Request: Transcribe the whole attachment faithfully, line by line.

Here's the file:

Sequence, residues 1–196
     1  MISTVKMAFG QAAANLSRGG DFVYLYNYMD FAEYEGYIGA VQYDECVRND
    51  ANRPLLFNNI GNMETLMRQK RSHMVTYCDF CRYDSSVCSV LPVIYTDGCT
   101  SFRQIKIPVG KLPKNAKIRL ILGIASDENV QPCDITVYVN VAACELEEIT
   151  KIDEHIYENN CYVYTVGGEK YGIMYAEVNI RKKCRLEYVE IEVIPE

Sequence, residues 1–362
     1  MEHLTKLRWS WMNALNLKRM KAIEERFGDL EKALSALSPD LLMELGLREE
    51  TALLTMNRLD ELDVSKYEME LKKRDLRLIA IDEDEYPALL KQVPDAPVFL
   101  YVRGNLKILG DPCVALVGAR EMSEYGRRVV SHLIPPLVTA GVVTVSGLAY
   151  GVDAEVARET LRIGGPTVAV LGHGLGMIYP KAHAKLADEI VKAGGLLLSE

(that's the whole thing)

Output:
Sequence, residues 1–196
     1  MISTVKMAFG QAAANLSRGG DFVYLYNYMD FAEYEGYIGA VQYDECVRND
    51  ANRPLLFNNI GNMETLMRQK RSHMVTYCDF CRYDSSVCSV LPVIYTDGCT
   101  SFRQIKIPVG KLPKNAKIRL ILGIASDENV QPCDITVYVN VAACELEEIT
   151  KIDEHIYENN CYVYTVGGEK YGIMYAEVNI RKKCRLEYVE IEVIPE

Sequence, residues 1–362
     1  MEHLTKLRWS WMNALNLKRM KAIEERFGDL EKALSALSPD LLMELGLREE
    51  TALLTMNRLD ELDVSKYEME LKKRDLRLIA IDEDEYPALL KQVPDAPVFL
   101  YVRGNLKILG DPCVALVGAR EMSEYGRRVV SHLIPPLVTA GVVTVSGLAY
   151  GVDAEVARET LRIGGPTVAV LGHGLGMIYP KAHAKLADEI VKAGGLLLSE